That sequence is dazzling. However, The Diving Bell and the Butterfly soon gets down to the business of explaining how Bauby constructed his memoir – dedicated transcriptionists read the letters of the alphabet in the order of their frequency in the French language, and Bauby blinks when the transcriptionist reads the appropriate letter. This allows the audience to see how The Diving Bell and the Butterfly was composed. Unfortunately, once that form of communication sets in, the transitions between Bauby’s memories (or fantasies) and his realities happen more gradually – which lessens their impact.

I struggled with how to review The Diving Bell and the Butterfly. On the one hand, almost everything about The Diving Bell and the Butterfly is very good. It is well written and poignant. I think the pacing could have been addressed, but then that may have been an intentional choice to allow the viewer to gain a sense of the pace of Bauby’s reality. The acting is superb. Amalric is wonderful as Bauby. Emmanuelle Seigner is excellent as the mother of his children, and Max von Sydow as Bauby’s father is heartbreaking. On the other hand, I never intend to watch The Diving Bell and the Butterfly again. It’s not what I would call entertaining. In fact, some passages of the film are actually quite difficult to watch. I think I can safely say that The Diving Bell and the Butterfly is an excellent film without much re-watch value. I suppose with that caveat, I recommend The Diving Bell and the Butterfly quite strongly, but I don’t think that it is the classic film I began this project in order to find.

The Diving Bell and the Butterfly finds itself on this list because 5 of the sampled critics named it one of the 10 best films of the 2000s. David Denby of The New Yorker named it the best film of the decade.

Once Again, From Out in the Void,

Monday, January 11, 2016

Best of the 2000s: Almost Famous

5 Stars

The first time that I saw Almost Famous, 15 years ago, I dismissed it. To me, it felt like some kind of teenage wish fulfillment less realistic than The Lord of the Rings. Sure, a 15-year-old kid could talk his way into covering a touring rock band for Rolling Stone magazine.

Well, the joke’s on me. Cameron Crowe, writer-director of Almost Famous, filed his first story (a cover story) for Rolling Stone on December 6, 1973. He was 16-years-old, and he’d spent 3 weeks the previous summer on the road with The Allman Brothers in order to compile the story. Knowing that the basic premise of Almost Famous is grounded in Crowe’s real life has led me to reexamine the film, and I’m happy to report that I think it is fantastic – easily one of the best films of the 2000s.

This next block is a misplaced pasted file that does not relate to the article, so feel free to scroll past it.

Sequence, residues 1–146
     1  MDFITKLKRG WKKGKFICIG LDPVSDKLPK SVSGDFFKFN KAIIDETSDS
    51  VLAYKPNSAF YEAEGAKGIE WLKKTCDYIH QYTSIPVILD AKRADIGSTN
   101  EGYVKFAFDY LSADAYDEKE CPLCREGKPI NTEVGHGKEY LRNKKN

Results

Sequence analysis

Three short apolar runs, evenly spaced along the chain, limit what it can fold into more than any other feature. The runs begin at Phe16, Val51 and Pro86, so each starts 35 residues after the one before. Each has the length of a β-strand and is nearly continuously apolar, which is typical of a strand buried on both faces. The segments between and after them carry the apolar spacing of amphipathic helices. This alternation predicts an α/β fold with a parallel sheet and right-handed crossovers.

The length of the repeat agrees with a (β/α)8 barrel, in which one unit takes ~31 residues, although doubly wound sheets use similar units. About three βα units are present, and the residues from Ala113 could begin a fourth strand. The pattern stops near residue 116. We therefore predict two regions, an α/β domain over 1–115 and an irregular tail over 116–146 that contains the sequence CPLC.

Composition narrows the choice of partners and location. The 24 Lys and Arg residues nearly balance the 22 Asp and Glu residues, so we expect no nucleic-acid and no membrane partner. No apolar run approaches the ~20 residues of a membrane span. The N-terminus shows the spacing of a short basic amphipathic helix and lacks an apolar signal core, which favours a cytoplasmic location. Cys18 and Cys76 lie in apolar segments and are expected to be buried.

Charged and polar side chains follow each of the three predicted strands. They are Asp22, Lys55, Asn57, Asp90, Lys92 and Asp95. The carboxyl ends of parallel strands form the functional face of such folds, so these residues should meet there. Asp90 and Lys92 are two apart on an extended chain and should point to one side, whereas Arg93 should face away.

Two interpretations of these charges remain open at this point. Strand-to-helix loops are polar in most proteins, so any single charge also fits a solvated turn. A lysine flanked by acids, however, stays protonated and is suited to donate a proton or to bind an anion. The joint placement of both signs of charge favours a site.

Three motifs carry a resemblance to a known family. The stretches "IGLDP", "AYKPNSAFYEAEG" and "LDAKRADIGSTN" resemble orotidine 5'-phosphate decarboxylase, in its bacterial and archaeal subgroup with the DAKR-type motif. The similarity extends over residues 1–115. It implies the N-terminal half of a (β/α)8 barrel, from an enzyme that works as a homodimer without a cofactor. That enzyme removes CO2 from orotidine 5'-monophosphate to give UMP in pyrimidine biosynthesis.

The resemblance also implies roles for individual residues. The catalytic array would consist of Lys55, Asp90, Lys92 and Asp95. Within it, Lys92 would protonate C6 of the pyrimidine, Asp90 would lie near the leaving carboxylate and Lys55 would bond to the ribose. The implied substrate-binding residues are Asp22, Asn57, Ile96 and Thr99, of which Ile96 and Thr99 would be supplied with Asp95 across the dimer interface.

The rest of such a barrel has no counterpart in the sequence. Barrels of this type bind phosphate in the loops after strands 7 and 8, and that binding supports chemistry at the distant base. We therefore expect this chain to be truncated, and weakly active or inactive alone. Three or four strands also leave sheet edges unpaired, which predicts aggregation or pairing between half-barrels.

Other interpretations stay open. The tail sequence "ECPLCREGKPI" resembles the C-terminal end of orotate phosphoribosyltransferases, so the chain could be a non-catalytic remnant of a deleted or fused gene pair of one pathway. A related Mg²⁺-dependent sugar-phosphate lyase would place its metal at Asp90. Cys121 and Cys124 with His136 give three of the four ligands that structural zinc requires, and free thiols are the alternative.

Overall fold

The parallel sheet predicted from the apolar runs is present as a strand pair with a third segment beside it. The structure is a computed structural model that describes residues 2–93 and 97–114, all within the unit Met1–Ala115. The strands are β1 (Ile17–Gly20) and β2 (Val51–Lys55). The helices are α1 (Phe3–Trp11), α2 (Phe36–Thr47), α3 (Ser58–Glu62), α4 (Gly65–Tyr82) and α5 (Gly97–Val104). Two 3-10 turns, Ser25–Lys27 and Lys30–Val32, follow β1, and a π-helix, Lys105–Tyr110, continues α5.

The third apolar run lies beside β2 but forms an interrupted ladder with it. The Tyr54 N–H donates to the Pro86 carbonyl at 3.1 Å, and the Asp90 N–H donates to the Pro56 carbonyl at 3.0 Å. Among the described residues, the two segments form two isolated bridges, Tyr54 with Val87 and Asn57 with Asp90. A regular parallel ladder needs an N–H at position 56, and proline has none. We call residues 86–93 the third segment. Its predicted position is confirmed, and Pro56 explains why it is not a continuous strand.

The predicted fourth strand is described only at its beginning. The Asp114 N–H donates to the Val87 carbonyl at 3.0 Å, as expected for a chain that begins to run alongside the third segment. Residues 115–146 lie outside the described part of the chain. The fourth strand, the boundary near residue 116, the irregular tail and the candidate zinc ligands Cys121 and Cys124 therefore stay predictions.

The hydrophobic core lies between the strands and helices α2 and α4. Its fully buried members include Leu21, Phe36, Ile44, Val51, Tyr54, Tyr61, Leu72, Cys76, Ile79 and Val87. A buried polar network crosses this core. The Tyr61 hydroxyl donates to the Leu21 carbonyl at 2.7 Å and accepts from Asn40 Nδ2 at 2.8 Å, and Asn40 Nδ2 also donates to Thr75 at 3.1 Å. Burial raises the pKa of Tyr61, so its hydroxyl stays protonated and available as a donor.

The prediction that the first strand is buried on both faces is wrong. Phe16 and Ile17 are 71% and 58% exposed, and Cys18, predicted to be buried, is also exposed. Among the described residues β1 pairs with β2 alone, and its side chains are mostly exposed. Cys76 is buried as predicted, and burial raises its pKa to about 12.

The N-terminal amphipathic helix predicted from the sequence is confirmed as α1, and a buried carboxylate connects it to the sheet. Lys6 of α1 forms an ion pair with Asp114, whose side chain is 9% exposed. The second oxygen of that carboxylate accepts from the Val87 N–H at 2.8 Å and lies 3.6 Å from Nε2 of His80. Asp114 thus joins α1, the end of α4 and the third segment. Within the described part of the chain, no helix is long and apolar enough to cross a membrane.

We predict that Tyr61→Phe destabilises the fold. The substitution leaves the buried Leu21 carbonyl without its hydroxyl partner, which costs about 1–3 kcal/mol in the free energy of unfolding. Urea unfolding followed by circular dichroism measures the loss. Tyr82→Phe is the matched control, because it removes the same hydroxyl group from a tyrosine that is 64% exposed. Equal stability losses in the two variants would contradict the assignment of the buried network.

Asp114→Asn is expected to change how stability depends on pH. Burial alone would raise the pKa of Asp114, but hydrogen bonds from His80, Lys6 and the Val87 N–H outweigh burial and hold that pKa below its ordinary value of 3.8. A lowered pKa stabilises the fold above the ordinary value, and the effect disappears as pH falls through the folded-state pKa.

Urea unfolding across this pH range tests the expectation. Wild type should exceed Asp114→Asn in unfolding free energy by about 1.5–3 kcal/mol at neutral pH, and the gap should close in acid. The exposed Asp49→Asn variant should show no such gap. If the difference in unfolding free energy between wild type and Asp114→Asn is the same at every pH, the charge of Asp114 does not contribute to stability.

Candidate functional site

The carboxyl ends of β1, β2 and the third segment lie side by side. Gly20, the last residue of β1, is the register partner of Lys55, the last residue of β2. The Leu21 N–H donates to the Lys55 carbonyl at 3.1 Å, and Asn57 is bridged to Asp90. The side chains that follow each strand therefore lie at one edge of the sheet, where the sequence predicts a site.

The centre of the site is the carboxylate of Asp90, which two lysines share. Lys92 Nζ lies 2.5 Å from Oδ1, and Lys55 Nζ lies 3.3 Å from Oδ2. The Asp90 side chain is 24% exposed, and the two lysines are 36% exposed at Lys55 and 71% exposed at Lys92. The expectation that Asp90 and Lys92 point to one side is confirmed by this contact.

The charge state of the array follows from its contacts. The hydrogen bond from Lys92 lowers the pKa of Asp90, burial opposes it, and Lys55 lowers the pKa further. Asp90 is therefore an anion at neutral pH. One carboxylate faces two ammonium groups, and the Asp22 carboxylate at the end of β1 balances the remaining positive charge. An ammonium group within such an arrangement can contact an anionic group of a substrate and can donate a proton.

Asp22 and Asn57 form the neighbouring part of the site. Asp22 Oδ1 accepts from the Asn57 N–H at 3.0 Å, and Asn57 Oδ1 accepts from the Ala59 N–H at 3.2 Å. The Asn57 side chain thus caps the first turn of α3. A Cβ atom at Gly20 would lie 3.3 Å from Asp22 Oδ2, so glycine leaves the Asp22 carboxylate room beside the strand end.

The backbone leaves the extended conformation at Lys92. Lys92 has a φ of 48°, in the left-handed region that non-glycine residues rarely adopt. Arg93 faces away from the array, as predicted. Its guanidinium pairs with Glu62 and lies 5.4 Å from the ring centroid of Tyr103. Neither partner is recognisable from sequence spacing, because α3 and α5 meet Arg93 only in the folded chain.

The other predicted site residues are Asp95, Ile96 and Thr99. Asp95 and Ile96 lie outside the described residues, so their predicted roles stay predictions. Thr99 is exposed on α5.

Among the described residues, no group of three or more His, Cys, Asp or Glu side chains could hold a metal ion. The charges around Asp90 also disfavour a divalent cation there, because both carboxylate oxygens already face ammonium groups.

Almost Famous centers on teenage music journalist, William Miller (Patrick Fugit). While still in high school, he receives an assignment from Rolling Stone to go on the road with the band Stillwater, headed by up and coming lead guitarist Russell Hammond (Billy Crudup). Hammond is suspicious of Miller at first, but Miller eventually earns his trust with the help of Penny Lane (Kate Hudson) whom both Miller and Hammond profess to love. Almost Famous tours America delivering a knock out sound track, iconic film moments, and then goes out on a high note. It is wonderfully acted, funny, good hearted, and still rock’n’roll.

Of course, rightly, the movie is remembered for the performance of Kate Hudson as Penny Lane, who, along with Polexia Aphrodisia (Anna Paquin), Sapphire (Fairuza Balk), and Estrella Starr (Bijou Phillips), reclaims the title of groupie – excuse me – “band aide” for women who aren’t just there to be seen next to someone famous, instead they seek to support and inspire the music.

Phillip Seymour Hoffman also appears in a small role as real life editor of Creem magazine,  Lester Bangs. So far, that makes Phillip Seymour Hoffman the most valuable player in the 2000s, having appeared in now 3 of the films believed to be the best. His role here is small but very important, and it is great to see Mr. Hoffman extolling the virtues of not being cool.

Almost Famous is the kind of movie you can watch again and again, not because it demands to be studied, but because it can be repeatedly enjoyed. It’s like a good rock album that way, and it’s true that it isn’t a “serious” film. But that’s all the better. I have suspected as I watch the films critics selected as the best of the 2000s, that critics have elevated films of political and social importance in a bid to make film relevant. I think that’s a mistake. Sometimes, like Penny Lane, we should just be here for the music.

Almost Famous finds itself on this list because 5 of the 37 sampled critics listed it as one of the 10 best films of the 2000s. For my part, I agree. The next film I will review, The Diving Bell and the Butterfly, was also selected by 5 critics, but it was also selected as the best film of the decade by one of the critics. The Diving Bell and the Butterfly will be the first film I’ve reviewed listed as number 1 by any critic sense my review of Cache.

As Always, From Out in the Void